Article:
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I have an Intel 320 SSD which is supposedly able to flush its cache during a power loss.

From Storage Review:

Rarely seen in a consumer SSD, Intel uses an array of capacitors to make sure data gets saved to the drive in the event of an unsafe shutdown as the result of power loss.

From Intel:

The Intel SSD 320 Series contains hardware- and firmware-based power-loss data protection features. The SSD includes a power-fail detection circuit, which sends a signal to the ASIC controller in the SSD indicating there is an imminent drop in power level. Triggered by this, SSD firmware disconnects the input power from the SSD.

The SSD then relies on its on-board power-loss protection capacitance to provide enough energy for the SSD firmware to move data from the transfer buffer and other temporary buffers to the NAND.

Does it mean I can safely turn off "Windows write-cache buffer flushing"? My primary motivation is to improve performance, although I'm aware that this might not make a big change for desktop workload.

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I don't think it will make any change at all –  soandos Jun 17 '12 at 5:08
    
Agreed I don't think it will make much of a difference. Write caching was added to deal with the slow write speeds of traditional hard drives which is much less of an issue with SSDs. –  Brad Patton Jun 20 '12 at 20:09

3 Answers 3

This doesnt make a lot of sense to me. Sure, they can have a capacitor in the drive to allow the SSD to flush its buffer to disk. But that doesnt mean the buffer had received all the data from the OS cache.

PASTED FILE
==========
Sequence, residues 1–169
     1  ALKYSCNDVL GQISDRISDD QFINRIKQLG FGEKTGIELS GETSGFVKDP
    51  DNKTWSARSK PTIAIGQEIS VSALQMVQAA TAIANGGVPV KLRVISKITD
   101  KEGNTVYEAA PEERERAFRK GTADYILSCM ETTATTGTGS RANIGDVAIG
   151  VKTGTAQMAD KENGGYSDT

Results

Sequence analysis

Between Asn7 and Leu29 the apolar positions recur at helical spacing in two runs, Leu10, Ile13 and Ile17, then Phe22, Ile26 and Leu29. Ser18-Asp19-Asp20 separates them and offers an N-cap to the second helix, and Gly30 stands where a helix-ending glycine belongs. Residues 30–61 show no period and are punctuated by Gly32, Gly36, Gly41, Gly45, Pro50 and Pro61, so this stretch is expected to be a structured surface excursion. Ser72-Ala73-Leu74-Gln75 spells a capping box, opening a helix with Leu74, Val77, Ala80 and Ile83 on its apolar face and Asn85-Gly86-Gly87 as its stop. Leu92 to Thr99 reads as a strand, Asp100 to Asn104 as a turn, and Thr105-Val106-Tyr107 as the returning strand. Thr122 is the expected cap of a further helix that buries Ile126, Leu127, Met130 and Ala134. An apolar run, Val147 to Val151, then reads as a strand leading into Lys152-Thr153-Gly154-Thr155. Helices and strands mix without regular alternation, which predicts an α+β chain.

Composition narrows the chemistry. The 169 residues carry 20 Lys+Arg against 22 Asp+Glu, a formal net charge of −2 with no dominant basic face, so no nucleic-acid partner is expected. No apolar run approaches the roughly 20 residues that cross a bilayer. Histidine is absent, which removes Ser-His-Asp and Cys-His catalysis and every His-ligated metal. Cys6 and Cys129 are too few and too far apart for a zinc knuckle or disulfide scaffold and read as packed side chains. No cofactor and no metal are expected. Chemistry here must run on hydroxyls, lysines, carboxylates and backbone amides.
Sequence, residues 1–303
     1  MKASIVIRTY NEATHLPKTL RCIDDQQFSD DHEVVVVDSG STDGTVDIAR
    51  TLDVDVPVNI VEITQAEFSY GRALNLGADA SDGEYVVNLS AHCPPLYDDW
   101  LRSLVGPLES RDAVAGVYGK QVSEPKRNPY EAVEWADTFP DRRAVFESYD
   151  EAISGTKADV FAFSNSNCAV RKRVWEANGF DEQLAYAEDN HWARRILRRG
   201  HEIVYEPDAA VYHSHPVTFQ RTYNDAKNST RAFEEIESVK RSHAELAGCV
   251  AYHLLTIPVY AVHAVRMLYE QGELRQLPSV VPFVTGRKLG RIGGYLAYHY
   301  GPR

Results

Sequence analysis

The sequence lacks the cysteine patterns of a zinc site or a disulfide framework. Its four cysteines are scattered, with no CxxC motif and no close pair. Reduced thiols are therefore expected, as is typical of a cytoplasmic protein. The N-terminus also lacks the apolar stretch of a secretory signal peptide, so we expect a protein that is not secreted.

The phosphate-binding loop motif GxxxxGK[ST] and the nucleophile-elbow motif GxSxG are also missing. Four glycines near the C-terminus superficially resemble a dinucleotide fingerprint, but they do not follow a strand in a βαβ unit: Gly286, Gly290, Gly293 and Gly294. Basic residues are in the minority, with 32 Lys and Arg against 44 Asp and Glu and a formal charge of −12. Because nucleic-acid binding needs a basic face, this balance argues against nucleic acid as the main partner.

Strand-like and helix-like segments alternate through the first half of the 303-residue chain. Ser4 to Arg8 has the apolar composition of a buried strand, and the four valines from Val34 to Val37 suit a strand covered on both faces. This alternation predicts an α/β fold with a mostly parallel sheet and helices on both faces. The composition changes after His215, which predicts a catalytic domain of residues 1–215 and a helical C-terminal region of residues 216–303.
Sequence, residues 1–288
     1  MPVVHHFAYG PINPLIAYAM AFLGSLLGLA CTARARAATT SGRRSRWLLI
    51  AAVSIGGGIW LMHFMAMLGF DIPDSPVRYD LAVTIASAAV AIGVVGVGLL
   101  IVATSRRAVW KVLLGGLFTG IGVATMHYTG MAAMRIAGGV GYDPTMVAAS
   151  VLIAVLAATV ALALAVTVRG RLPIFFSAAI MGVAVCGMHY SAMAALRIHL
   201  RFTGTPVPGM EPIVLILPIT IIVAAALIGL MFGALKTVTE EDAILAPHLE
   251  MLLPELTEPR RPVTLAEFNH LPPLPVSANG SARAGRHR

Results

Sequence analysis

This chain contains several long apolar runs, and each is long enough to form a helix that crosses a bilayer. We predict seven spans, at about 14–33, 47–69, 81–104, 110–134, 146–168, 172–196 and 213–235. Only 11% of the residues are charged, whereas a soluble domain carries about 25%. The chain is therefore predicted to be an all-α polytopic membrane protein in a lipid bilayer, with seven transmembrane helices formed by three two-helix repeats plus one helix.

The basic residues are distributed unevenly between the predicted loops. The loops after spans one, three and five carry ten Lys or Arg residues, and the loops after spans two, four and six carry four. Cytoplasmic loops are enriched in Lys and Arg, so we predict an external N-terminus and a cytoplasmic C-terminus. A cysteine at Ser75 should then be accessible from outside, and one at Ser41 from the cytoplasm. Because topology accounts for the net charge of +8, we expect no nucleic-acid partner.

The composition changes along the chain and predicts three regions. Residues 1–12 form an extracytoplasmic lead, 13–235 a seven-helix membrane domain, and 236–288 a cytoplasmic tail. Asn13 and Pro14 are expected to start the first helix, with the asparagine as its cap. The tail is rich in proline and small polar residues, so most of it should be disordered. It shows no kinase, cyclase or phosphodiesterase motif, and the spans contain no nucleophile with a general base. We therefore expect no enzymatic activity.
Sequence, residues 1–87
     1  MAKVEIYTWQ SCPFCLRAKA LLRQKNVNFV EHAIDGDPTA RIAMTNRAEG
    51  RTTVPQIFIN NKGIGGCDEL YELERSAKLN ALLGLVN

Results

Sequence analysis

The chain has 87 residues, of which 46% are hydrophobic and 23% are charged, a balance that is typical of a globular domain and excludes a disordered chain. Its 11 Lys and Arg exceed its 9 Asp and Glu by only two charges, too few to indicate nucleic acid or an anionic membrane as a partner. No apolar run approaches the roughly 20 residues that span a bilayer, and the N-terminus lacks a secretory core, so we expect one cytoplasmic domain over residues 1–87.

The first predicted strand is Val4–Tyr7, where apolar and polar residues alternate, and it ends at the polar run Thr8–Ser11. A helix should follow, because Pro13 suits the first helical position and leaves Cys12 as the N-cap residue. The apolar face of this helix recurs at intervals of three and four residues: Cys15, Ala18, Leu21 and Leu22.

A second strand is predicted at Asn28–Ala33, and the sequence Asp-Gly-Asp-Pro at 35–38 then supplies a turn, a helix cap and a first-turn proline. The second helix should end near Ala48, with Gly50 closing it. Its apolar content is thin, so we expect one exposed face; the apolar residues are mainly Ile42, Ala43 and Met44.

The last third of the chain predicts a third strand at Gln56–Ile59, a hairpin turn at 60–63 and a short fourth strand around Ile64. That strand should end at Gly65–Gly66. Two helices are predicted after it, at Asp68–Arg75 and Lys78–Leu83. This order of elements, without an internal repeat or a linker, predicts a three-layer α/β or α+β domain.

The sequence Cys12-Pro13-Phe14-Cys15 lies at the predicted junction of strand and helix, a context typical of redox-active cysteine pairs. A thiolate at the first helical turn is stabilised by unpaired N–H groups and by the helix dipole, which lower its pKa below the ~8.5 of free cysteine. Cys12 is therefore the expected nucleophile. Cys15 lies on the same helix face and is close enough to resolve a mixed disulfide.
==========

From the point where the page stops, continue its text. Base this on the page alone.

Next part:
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As it turns out, intel is one of the few ssd brands which you will want to have flushing enabled. http://www.tomshardware.com/reviews/ssd-performance-tweak,2911-15.html

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Summary: turning off write flushing on the Intel X25-M G2 is detrimental to write performance. Nice to know. –  netvope Oct 16 '12 at 7:49

If you have to ask? Then it's not safe for you, and you should trust the defaults that your top-brand-name OS and SSD have been designed for.

I haven't read the documentation for this Windows option, but I know Linux has equivalent options. I would draw your attention to the ext4 filesystem and the "barrier" option, which is enabled by default. Barriers ensure the consistency of the FS on power-failure by enforcing ordering between certain writes. At least when it was first implemented, this involved forcing a flush of the write cache on the hard drive.

Only if the system as a whole is protected by a trusted UPS (i.e. a battery), and you trust the OS not to crash, then I believe it is safe to disable barriers on Linux. [I am not a professional. I am not your professional. Trust me at your peril]. I suspect the Windows option is designed for the same scenario. But IMO the second criteria pushes this into the realms of carefully administered servers.

That said, the exact level of risk depends on the filesystem. ext4 without barriers is much worse than ext3 (which didn't enable barriers by default). So if your version of Windows is more like ext3 in this respect, you could expect to find anecdotes of people running PCs with this option disabled for many years, and not noticing any problems.

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